As 3PM and the end of our shift neared, the crowds grew bigger and our thirst for the beers we’d been eying all morning intensified. Finally, we were off, and able to aboutface the counters and start a-quaffin’. The first sip was the 2006 Foghorn, which, along with the others mentioned previously, was surprisingly still flowing. Simply marvelous! A rusty orange body with a soft off-white head, this four year old beer aged magnificently and showed little to no signs of oxidation. Lots of fruity, chewy bubblegum notes coupled by soft, subtle complexities imparted with age. Some butyl esters coupled with a gentle hoppiness and a solid underpinning of toffee-like maltiness. Old Foghorn is always a go to for us, and we are glad again in this case, we went for it.
Following the Old Foghorn was the Hair of the Dog Doggie Claws aged in bourbon barrels. This rendition of the brew poured out a murky thick brown-amber with a thin soapy off-white head. Fruity, malty, chewy brown sugar nose with lots of floral citrus and pine hops going on. Big and bold. Sweet and complex. Vanilla, citrus, sugar, molasses, and raisin to name a few. Not aggressively bourbony, more on the wood side. Every time we get to try Hair of the Dog beers like this, it makes us happy we live in Beervana.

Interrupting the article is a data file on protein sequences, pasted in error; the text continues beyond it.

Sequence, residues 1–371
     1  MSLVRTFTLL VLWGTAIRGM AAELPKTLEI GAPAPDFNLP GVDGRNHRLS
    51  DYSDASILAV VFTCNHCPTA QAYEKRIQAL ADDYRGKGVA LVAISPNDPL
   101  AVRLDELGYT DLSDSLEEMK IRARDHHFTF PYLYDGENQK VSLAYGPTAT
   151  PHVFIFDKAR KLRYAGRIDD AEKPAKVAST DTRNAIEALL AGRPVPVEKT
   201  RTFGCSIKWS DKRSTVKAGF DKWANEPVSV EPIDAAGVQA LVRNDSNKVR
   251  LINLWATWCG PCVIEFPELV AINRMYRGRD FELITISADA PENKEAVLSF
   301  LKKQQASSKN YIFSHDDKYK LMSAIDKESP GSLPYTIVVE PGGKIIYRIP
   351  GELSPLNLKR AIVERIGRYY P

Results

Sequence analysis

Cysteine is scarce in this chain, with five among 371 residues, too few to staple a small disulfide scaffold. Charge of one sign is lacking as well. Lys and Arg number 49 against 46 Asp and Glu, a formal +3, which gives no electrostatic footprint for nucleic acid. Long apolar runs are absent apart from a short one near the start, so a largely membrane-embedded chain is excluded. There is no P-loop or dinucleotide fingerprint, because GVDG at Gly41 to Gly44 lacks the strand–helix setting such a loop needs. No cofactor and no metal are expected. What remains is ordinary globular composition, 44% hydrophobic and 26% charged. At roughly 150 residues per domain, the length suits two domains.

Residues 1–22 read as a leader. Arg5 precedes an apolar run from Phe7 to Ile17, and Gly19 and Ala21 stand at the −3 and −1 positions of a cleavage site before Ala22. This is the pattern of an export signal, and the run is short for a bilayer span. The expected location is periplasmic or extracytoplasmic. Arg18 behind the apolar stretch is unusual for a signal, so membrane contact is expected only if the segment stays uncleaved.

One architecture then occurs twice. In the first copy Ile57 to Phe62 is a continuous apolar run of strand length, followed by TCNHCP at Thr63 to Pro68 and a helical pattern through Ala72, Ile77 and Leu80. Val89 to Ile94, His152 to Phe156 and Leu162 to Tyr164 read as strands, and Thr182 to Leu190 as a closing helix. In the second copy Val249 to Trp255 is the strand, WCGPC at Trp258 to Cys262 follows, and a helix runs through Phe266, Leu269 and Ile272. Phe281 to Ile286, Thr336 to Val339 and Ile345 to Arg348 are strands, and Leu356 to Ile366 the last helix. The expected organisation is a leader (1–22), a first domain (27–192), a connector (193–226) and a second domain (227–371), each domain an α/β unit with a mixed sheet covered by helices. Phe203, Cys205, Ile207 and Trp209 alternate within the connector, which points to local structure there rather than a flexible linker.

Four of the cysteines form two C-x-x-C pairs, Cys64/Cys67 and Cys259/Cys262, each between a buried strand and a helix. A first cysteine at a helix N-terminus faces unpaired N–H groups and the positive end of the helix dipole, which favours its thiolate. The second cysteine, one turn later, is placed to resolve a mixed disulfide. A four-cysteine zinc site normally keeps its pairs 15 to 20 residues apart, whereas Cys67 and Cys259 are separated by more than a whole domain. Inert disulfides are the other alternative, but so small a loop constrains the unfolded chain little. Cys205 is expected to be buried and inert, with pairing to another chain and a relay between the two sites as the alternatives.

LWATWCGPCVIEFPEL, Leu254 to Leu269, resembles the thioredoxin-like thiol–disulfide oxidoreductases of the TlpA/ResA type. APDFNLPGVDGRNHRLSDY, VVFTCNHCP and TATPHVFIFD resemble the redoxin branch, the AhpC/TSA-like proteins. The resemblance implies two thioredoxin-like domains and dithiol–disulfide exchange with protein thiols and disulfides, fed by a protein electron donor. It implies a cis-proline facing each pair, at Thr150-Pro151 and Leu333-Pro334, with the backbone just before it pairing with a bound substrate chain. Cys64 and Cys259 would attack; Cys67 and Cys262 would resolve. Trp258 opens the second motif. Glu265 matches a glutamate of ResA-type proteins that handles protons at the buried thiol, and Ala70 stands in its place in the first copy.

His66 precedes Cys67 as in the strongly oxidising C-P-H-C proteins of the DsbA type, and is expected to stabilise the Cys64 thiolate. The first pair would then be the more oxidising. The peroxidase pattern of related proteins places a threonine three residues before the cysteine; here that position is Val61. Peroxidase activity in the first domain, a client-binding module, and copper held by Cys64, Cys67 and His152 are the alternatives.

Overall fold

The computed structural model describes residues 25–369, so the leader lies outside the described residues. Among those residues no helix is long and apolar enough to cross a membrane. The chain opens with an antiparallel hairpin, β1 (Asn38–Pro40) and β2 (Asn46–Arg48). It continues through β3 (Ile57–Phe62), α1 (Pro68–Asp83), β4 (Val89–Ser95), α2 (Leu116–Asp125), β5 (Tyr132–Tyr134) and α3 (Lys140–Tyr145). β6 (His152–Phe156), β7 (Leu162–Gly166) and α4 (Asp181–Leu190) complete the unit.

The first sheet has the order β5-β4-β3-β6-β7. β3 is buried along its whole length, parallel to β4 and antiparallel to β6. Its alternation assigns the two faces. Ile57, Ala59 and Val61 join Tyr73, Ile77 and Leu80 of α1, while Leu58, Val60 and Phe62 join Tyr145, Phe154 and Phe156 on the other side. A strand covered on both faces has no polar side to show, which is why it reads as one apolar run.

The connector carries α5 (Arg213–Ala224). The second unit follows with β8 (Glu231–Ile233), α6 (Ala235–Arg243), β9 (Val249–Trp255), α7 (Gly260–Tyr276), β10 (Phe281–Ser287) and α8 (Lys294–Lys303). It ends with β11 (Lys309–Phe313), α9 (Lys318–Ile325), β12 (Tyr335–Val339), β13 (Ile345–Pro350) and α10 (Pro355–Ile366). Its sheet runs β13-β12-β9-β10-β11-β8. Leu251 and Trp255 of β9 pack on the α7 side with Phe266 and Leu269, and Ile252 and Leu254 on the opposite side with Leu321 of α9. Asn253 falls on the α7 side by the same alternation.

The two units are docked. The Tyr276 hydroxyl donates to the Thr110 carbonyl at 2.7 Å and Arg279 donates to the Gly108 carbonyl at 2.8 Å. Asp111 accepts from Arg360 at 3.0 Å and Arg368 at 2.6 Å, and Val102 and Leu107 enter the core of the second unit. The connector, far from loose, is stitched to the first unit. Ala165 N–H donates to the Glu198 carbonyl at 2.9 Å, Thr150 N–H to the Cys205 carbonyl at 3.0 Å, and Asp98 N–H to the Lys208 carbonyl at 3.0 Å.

Save for Astoria Brewing’s Bitter Bitch Triple IPA, Ninkasi Critical Hit, from what we gathered, was one of the hoppiest brews at the fest and likely the hoppiest barleywine. Lots of toffee and piny tropical fruit notes came from this deep tawny beer. This beer could have almost passed for an triple IPA, but there was some noticeable caramel maltiness present. Very bitter on the tongue, but overall, this is the kind of barleywine many Pacific Northwestern beer lovers like, and Ninkasi ain’t no dummy.
Walking Man Olde Stumblefoot is another hop-forward barleywine. However, a main difference between this beast and Ninkasi’s is the malt bill and the perception of the hops play. According to a description, Olde Stumby makes use of four malts, dark belgian candi sugar, Northwest hops. At 12.3% ABV, this Stevenson, Washington brew contained almost 2.5% more alcohol by volume than the average beer at this festival. On top of that, the 85 IBUs was indicative of a potent hops dosage as well. In the glass appeared a rich amber-bodied sipper with a small almond colored head that left plenty of lacing and exhibited big legs. Full, rich creamy body with a nice chewy, robust finish; noticeable were the dry hops in the nose that caressed the olfactory senses before each sip. Thanks again, Walking Man. We do love thee.